We often get asked about NIST. What is it? How does it affect our business? Let’s take a brief view of NIST and explore some further reading. 

NIST stands for National Institute of Standards and Technology, which is a non-regulatory agency of the US Federal Government founded in 1901However, in the IT world, NIST is generally shorthand for compliance standards relating to cybersecurity frameworks. This is very often, specifically NIST 800-53.  

“It is the policy of the United States to enhance the security and resilience of the Nation’s critical infrastructure
and to maintain a cyber environment that encourages efficiency, innovation, and economic prosperity while
promoting safety, security, business confidentiality, privacy, and civil liberties.”

Executive Order 13636
February 12, 2013 

And thus, the NIST Cybersecurity Framework (CSF) was born. Consisting of three major components—the implementation tier, framework core, and profiles—and five core components—identify, protect, detect, respond, and recover—NIST is broken down categorically by function, category, and subcategory. Confused yet? Don’t worry, it gets easier. 

Essentially, each core component forms a function identified by a two letter code. For example, Identify uses the code IDThe Identify function is, itself, then broken into categories which, again, have two letter designations. “Business Environment” is BE. This is then broken down into numbered subcategories. The subcategory dealing with supply chains is 1. So, in this case, the shorthand name would be ID.BE-1. There are a total of 108 subcategories in the various functions.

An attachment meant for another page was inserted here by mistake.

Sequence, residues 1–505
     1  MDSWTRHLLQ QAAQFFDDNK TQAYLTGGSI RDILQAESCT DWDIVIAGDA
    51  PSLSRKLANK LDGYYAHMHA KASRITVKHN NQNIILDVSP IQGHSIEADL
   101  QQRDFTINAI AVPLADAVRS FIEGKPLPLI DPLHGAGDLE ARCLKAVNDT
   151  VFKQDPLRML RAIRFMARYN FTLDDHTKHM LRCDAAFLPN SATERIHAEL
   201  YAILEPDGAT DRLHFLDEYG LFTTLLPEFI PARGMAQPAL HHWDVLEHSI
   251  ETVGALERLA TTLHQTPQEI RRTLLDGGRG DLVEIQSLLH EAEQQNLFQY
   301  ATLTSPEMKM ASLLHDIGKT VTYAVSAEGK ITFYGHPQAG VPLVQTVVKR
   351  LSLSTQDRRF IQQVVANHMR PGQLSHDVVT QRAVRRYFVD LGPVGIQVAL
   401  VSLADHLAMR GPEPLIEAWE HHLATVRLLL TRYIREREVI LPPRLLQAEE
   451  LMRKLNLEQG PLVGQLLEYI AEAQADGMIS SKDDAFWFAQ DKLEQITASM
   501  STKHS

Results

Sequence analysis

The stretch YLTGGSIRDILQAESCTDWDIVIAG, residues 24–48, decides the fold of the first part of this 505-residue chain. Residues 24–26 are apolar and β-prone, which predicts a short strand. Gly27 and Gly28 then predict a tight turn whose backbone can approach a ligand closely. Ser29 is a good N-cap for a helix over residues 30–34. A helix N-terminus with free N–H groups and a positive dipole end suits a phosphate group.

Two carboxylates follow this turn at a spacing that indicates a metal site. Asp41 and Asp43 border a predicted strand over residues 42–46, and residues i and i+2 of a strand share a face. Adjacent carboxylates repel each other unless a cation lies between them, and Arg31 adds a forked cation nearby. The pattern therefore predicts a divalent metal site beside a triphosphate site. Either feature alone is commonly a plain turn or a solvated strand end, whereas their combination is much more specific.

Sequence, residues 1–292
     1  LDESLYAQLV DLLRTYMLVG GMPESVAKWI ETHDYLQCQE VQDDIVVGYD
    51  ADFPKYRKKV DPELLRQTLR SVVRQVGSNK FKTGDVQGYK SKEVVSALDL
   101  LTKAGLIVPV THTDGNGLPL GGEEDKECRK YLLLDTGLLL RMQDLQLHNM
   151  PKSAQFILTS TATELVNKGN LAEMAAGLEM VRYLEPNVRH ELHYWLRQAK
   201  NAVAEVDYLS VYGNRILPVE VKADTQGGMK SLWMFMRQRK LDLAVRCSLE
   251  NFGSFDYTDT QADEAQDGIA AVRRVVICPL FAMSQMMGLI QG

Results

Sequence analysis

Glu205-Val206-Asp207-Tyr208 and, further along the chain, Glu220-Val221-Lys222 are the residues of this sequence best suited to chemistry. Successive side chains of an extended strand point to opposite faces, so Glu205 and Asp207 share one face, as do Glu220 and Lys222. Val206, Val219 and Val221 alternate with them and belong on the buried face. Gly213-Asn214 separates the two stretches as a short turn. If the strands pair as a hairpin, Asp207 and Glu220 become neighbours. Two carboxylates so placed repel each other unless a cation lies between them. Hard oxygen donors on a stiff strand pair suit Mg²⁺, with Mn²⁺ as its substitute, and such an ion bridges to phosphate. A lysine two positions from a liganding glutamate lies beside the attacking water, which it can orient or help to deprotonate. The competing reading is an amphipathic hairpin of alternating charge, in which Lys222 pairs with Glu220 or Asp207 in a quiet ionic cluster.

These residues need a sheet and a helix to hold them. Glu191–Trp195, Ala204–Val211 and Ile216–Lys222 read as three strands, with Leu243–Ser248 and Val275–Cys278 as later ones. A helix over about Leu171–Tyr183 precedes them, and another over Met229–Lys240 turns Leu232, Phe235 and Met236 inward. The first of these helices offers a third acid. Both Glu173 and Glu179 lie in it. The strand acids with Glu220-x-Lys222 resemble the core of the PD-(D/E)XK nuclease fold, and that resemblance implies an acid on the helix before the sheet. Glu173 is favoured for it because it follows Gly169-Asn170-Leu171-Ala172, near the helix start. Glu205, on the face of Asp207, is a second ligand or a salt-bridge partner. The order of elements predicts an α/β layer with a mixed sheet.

Tiers are a bit easier to understand. These are essentially levels 1-4: Partial (1), Risk-Informed (2), Repeatable (3), Adaptive (4). These are a way to measure efficacy of a cybersecurity defense. It should be noted that not all businesses are going to want or need to invest to get to the Adaptive level for everything: some items may not apply or simply may be out of a realistic budget reach. 

Profiles use business objectives, threat environment, and requirements and controls to assess current vs. target organizational cybersecurity posture. 

While you liekly already know if your business is required to meet NIST compliance standards, a NIST audit can be a valuable way for any business to get a good baseline on their local and online security. An IT professional is desirable to help organizations determine where they currently sit in their ability to prevent and respond to cybersecurity threats.

Having trouble with your NIST compliance? Just curious about your own business’s IT security? Or you’d simply like to explore this further? Contact us!

Further reading: 

The official documents from NIST: https://nvd.nist.gov/800-53
Direct link to the official PDF: https://nvlpubs.nist.gov/nistpubs/SpecialPublications/NIST.SP.800-53r4.pdf
NIST Online Learning Resources: https://www.nist.gov/cyberframework/online-learning/components-framework
NIST 800-53 on Wikipedia: https://en.wikipedia.org/wiki/NIST_Special_Publication_800-53

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